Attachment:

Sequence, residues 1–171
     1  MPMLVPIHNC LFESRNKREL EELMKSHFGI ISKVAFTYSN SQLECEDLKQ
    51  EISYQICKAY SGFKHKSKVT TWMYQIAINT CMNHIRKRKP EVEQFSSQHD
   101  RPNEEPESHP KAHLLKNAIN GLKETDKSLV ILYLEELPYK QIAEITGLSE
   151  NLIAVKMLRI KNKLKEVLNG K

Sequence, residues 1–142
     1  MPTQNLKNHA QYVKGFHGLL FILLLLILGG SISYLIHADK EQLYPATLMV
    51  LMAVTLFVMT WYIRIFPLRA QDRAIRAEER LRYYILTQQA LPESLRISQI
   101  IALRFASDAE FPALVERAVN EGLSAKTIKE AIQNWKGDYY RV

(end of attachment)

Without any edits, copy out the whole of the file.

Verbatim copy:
Sequence, residues 1–171
     1  MPMLVPIHNC LFESRNKREL EELMKSHFGI ISKVAFTYSN SQLECEDLKQ
    51  EISYQICKAY SGFKHKSKVT TWMYQIAINT CMNHIRKRKP EVEQFSSQHD
   101  RPNEEPESHP KAHLLKNAIN GLKETDKSLV ILYLEELPYK QIAEITGLSE
   151  NLIAVKMLRI KNKLKEVLNG K

Sequence, residues 1–142
     1  MPTQNLKNHA QYVKGFHGLL FILLLLILGG SISYLIHADK EQLYPATLMV
    51  LMAVTLFVMT WYIRIFPLRA QDRAIRAEER LRYYILTQQA LPESLRISQI
   101  IALRFASDAE FPALVERAVN EGLSAKTIKE AIQNWKGDYY RV